Man, Oh Man, The Gingerbread Man

Between The Bridges
Typography

On my travels recently, I stopped into a bakery out on the Island on Sunrise Highway, having been drawn to the shop's window display of Christmas-related baked goods and confectioneries. Upon entering the establishment, I was immediately overwhelmed by the delicious aromas therein and using my nose as a compass, I soon found my way to a rather delicious-looking display of my all-time favorite holiday cookie—a Gingerbread Man.

I am certainly not alone in my passion for this treat as even William Shakespeare in his Love's Labor's Lost opined: "And I had but one penny in the world, thou should’st have it to buy gingerbread." The first gingerbread man is credited to Queen Elizabeth I who knocked the socks off visiting dignitaries by presenting them with one baked in their own likeness. Gingerbread tied with a ribbon was popular at fairs and when exchanged, became a token of love. On a more practical note, before refrigeration was a twinkle in someone’s eye, aromatic crumbled gingerbread was added to recipes to mask the odor of decaying meat. But I digress.

I must have been standing in one place, drooling from my mouth, while unabashedly staring at the assorted gingerbread cookie treasures in front of me for some time when a store employee clad in a white apron, baker’s hat and a brilliant smile approached me, asking if she could be of service. I quickly related my long-time love of these treats and asked the price of the individual gingerbread man cookies. Suddenly the employee's warm friendly visage dissolved into a somewhat stern countenance as she replied with an air of superiority, "Our shop rejects not only sexism and gendered expectations, we also, as an enlightened business, reject the gender binary itself. The cookies are $2.50 each but, in our store, we require that everyone refer to each cookie as a gender inclusive gingerbread person." 

I was all set to depart the store without making a purchase as I really did not want to engage this apparently self-important dough puncher in a debate surrounding the gender (or lack thereof) of a biscuit, but a gingerbread man "Jones" is what it is. The gingerbread man sitting in the baker’s pan before me, replete with sorrowful raisin eyes and cherry nose, trimmed right down to his fingers and toes, was suddenly calling to me in a whisper that only a true g-bread dude aficionado could hear.... "For God's sake, please get me out of this politically-correct misandrist torture chamber."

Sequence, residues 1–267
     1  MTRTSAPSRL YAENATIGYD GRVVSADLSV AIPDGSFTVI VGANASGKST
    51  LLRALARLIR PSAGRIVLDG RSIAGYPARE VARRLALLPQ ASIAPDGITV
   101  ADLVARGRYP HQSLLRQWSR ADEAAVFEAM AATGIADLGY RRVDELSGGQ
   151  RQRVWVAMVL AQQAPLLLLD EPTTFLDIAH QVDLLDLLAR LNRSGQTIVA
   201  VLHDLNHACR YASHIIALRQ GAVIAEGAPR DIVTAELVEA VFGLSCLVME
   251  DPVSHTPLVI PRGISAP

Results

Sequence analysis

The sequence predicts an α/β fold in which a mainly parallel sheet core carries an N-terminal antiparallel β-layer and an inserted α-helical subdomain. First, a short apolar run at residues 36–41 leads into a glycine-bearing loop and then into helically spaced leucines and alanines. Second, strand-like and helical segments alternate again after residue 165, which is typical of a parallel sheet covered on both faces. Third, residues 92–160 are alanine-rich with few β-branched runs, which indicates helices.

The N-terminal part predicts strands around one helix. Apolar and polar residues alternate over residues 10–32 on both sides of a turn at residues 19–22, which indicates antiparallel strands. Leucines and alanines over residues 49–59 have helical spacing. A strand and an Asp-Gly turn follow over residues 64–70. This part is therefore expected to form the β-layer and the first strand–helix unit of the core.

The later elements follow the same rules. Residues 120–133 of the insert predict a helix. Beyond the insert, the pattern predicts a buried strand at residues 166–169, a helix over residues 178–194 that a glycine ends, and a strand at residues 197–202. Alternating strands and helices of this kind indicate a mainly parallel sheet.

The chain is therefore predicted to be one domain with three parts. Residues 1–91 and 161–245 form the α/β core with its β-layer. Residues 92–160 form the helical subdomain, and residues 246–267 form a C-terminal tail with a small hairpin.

I couldn't help myself as I "accidentally" knocked over a display stack of bread sticks and as the staff person was busy setting that straight, I quickly turned and said, "C'mon gingerbread man, you know how to run. Get out of that pan and jump down to the floor and get your gingerbread man body right out of this store." And as he jumped down and scampered through the store and out the front door, he glanced back at the baker standing beside me and yelled, "Run, run, as fast as you can, you can't catch me, I'm the gingerbread man and I'm out of the pan!"

As the little gingerbread dude disappeared from view, I turned towards the baker still beside me, holding the bread sticks fully expecting to be excoriated for assisting in the little guy's escape and offered to pay for the bread sticks as well as the now missing and apparently pan-sexual gingerbread thingy. To my surprise, the baker simply sighed and said, "That's the fifth gender inclusive gingerbread person to make a break for it today. They are quick little devils, aren't they? You know, quite frankly, they are proving to be more trouble than they are worth. Perhaps I could interest you in some gingerbread houses we have at the back of the store?" I thought for a second and then replied, "Only if it is inclusive, affordable gingerbread housing with gender neutral bathrooms!"

The moral of this little story? Get over yourself and stop worrying about the myriad of insanely inane issues that are touted by those supercilious elites among us who love to hear themselves preach and focus on what's really important—family, friends and community.  

Merry Christmas and Happy New Year!

Broad Channel, why would anyone want to live anywhere else?

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